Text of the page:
It’s easy for me to lie about having a big brother, because I wish so much for it to be true. I used to have a neighbor, a twenty-two-year-old headbanger named Charlie, who I pretended was my big brother. After school, I would bang on his front door, and he’d let me come in and watch “Beavis And Butthead” in his living room. Or we’d go into the backyard, and he’d strum his guitar while I played with his dog Floppy. When I used to go to Charlie’s house, I’d brag to everyone at school about how I had a cool big brother named Charlie who played the guitar. One of my teachers got concerned once and asked me if I was ever afraid of Charlie.
“No way!” I told her. “Why would I be afraid of my big brother? He loves me!”
Even back then I was unhappy at home. I was always wandering around the neighborhood, bothering people, because I hated to be at home. I used to talk about running away, and Charlie would tell me not to. He would lecture me on how it was dangerous, and how I should just wait a few more years until I was old enough to move out on my own legitimately. In reality, Charlie probably thought I was just a pesty kid who wouldn’t go away. But he spent time with me, and talked to me, and that meant everything to me.
Eventually, Charlie moved away… to Mount Prospect.
Now, I imagine that Charlie really is coming on the train to see me. And Ramirez believes my story, maybe because I half believe it myself!
“You three get outta here,” he tells my new friends.
They laugh as they walk out, waving goodbye to me.
“Will we see you tomorrow?” Jason calls over his shoulder.
I nod. I can’t wait.

The next day, as soon as the school bus drops me off, I sprint back top the train station. To my relief, Jason, Joe and Andrea are already waiting for me there.
“Did you think about coming with us?” asks Jason.
I have thought about it all day long. It was impossible to even try to do school work today. My mind and heart have been racing. But in the end, I am still not sure I should go to California. And I am leaning in the direction of not going. It is weird that I have daydreamed since I was a little kid about running away and having a new start, and now that I actually have the chance to do it, I’m not sure I want to.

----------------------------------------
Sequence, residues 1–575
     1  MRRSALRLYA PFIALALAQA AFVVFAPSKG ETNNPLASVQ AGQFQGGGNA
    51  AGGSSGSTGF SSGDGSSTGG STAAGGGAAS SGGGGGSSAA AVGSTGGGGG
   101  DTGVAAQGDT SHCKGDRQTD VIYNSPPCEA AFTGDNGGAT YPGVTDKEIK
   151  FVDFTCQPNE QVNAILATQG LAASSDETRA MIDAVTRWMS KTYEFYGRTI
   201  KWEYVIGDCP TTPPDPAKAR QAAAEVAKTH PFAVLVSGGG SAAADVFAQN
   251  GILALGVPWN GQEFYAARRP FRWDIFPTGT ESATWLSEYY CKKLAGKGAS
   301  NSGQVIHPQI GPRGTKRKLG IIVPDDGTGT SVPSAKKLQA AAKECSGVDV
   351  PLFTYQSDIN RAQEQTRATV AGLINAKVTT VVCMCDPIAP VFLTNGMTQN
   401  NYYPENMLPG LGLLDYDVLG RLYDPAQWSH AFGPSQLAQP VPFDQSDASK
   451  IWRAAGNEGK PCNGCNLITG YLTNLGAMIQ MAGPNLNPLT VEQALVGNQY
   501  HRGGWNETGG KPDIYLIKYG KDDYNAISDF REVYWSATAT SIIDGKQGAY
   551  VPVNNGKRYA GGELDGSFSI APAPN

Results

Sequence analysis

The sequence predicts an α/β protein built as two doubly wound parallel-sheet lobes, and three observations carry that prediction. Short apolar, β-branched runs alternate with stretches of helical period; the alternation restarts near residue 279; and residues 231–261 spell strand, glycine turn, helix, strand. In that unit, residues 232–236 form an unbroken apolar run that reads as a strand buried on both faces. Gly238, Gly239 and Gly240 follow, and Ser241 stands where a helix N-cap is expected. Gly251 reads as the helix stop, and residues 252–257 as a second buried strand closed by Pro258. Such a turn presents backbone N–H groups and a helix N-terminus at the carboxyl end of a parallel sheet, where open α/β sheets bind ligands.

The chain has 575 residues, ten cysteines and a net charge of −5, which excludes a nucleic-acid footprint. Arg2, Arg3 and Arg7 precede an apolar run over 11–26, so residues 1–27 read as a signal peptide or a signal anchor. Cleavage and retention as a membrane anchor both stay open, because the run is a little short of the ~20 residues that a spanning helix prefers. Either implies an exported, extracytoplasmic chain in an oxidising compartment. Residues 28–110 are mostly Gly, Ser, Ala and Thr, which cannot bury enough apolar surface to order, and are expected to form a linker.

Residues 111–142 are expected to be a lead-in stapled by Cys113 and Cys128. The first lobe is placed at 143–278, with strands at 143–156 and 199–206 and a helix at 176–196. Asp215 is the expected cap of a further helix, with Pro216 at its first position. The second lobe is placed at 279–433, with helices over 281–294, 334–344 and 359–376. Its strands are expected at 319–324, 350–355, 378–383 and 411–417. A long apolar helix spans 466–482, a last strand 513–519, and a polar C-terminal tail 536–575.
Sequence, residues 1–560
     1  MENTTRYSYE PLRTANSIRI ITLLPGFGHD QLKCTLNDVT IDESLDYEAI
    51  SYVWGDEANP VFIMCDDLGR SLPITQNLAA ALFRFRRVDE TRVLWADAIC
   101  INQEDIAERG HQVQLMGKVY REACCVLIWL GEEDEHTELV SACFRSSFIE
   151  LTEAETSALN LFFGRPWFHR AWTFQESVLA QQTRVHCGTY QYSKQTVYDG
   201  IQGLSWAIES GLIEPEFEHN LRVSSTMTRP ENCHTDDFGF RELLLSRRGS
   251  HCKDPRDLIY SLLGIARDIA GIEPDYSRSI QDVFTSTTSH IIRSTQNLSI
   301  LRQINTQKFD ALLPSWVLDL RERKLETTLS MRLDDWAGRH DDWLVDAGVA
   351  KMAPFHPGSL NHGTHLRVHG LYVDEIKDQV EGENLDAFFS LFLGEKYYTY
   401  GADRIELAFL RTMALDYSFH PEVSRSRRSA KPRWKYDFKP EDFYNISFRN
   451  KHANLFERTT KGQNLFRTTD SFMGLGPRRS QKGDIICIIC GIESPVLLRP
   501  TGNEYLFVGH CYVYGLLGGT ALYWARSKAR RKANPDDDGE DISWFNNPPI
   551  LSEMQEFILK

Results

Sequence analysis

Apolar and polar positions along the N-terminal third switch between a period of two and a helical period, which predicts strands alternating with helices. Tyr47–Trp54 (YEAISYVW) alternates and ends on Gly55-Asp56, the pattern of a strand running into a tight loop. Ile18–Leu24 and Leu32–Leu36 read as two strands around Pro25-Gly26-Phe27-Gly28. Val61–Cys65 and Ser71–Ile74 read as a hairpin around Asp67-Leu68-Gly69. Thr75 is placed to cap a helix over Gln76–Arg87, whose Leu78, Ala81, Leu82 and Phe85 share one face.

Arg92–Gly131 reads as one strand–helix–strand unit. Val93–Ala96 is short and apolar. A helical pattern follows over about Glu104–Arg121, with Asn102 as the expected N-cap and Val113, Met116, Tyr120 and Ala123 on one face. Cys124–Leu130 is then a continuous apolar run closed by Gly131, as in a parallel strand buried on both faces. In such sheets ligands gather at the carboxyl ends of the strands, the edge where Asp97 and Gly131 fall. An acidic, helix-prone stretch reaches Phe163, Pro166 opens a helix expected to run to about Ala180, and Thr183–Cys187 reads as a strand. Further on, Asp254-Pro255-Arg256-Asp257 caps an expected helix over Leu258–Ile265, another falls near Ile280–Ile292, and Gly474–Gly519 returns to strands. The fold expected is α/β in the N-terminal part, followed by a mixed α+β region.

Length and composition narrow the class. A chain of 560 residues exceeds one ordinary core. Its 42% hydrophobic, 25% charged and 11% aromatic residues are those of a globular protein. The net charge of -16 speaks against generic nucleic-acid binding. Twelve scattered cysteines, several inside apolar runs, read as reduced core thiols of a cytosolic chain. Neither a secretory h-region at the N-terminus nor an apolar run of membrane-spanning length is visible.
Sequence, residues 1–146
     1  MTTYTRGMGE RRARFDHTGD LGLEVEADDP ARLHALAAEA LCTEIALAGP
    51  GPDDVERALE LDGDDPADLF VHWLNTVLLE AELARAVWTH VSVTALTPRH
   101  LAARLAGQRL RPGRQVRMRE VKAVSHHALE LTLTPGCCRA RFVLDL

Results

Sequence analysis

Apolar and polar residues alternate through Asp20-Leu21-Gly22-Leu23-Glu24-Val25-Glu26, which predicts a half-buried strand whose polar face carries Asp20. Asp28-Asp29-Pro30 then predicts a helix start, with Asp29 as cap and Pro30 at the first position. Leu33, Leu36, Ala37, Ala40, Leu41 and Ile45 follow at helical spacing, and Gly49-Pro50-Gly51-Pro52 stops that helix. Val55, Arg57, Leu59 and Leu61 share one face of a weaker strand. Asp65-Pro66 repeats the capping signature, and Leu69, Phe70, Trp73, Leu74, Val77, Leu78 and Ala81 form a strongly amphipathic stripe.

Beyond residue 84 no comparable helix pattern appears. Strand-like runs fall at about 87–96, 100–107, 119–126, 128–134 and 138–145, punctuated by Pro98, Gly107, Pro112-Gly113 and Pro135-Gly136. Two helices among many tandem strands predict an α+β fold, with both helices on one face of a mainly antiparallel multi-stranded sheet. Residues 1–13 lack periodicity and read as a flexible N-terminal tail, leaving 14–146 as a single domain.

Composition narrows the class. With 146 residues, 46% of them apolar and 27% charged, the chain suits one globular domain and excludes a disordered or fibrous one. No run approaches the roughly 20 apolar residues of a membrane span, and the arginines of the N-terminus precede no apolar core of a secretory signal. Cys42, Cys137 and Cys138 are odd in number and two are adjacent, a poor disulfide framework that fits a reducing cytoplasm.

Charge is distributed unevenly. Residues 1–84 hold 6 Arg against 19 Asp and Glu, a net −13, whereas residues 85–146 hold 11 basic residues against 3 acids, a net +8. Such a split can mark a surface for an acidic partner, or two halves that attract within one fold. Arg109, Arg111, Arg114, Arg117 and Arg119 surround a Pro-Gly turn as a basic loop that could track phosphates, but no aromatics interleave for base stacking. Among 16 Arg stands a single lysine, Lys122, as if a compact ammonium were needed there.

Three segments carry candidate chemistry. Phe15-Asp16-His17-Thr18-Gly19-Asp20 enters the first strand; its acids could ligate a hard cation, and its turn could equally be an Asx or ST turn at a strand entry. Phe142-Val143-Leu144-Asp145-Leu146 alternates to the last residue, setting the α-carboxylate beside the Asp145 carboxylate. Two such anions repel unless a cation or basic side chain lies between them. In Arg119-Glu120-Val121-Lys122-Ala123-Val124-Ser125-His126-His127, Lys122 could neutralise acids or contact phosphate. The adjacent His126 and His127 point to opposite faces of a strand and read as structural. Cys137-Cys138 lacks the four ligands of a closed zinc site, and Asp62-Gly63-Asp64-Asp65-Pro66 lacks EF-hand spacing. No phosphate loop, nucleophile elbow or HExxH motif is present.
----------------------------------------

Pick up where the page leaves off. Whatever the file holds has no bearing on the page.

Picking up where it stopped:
“I just don’t want to maek my mom cry,” I explain. And, despite the fact that she often treats me as if she hates me, I believe she would cry. If I died, for instance, or just disappeared, When I’m here, I’m the bane of her existence, but if I was gone, it would break her heart. Its an irritating truth.
“Did she ever make you cry?” asks Joe.
“Yeah, but still…” I twitch my fingers nervously.
Andrea nods. “I know exactly what you mean. No matter what your mom does to you, you don’t want to make her cry. Maybe it’s a girl thing.” She smiles at me. “Now you’re gonna make me cry, thinking about my mom!” ‘
Joe groans. “Girls…”
“Maybe you guys all could just stay here,” I suggest.
Jason throws his head back and laughs. “Hell, no! I’ve lived in this town before, and I’m not staying here a minute more than I have to!”
“Then will you send me post cards?” I ask. Despite having only known them for less than twenty-four hours, these three street kids are the best… the only… actual friends I have. I don’t want them to just fade away.
“OF course,” says Jason. “And if you write down your phone number, we’ll call you when we can. You ever change your mind about coming to California, you’ll know where to find us.”
“But I can’t hitchhike by myself,” I point out. “I’d get lost. I’d end up in Maine, or someplace weird like that!”
“I’ll come back and get you, and we’ll go together,” says Jason.

Jason and Joe go off in search of a store that sells rolling papers and tobacco, and me and Andrea wander around the train depot, talking. Andrea tells me that she and the guys spent the night in the basement of Jason’s mother’s and stepfather’s house.
“We talked about you all night long,” says Andrea.
“For real?” I can’t imagine anyone being able to talk about me for that long!
“For real,” says Andrea. “I think Jason likes you.”
“Why?” I blurt out.
Andrea laughs. “Cause you’re cool!”
“I’m cool?” I’m in Heaven! I have three friends, genuinely cool older kids, and they think I’m cool! And I haven’t done anything besides be myself. Unbelievable! Just my luck that they’re leaving forever tomorrow.

When Jason and Joe come back with their cigarette rolling paraphernalia, we sit outside by the train track and talk. We talk about everything, tell each other our life stories, and goof around, until evening comes and I have to leave. Before I go, I get my notebook from my backpack and write my name, address and phone number three times. I give ach of my new friends a copy. Our friendship has grown quickly and fiercely, and it seems backwards to me that I may never see them again.

The phone is ringing when I walk into my house. My parents are not home yet, so I answer it.
“Nicki?” says Andrea. “Guess what? I’m going home!”
“What? How? When?” I stammer. It only took me fifteen minutes to walk home from the train depot. How could everything have changed that quickly?